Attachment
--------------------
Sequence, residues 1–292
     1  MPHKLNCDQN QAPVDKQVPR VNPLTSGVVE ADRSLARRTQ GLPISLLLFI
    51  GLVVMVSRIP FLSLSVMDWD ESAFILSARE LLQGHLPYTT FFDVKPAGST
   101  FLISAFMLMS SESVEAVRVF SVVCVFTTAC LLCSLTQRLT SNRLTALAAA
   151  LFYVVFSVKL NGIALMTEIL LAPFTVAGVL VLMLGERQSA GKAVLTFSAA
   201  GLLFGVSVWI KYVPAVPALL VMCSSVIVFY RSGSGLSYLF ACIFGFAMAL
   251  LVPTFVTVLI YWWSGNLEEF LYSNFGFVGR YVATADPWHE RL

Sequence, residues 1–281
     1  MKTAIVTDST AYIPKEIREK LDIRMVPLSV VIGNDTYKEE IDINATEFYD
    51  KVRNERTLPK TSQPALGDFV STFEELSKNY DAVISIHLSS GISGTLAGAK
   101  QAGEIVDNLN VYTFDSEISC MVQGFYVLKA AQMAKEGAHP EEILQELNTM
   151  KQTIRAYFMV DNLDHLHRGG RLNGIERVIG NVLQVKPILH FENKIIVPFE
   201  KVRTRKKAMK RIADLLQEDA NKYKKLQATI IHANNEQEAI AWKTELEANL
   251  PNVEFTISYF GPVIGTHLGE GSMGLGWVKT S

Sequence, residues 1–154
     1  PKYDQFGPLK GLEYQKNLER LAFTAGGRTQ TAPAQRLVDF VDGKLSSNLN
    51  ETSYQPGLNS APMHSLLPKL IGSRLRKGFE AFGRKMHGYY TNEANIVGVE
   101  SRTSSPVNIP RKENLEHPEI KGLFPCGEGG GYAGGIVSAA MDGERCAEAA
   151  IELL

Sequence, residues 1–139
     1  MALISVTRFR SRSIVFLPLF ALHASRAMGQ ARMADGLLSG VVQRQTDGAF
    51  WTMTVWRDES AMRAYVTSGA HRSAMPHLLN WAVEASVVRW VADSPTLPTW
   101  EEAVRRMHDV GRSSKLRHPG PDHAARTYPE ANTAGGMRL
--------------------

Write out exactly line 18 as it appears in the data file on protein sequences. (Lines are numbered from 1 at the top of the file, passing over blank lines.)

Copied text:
   101  SRTSSPVNIP RKENLEHPEI KGLFPCGEGG GYAGGIVSAA MDGERCAEAA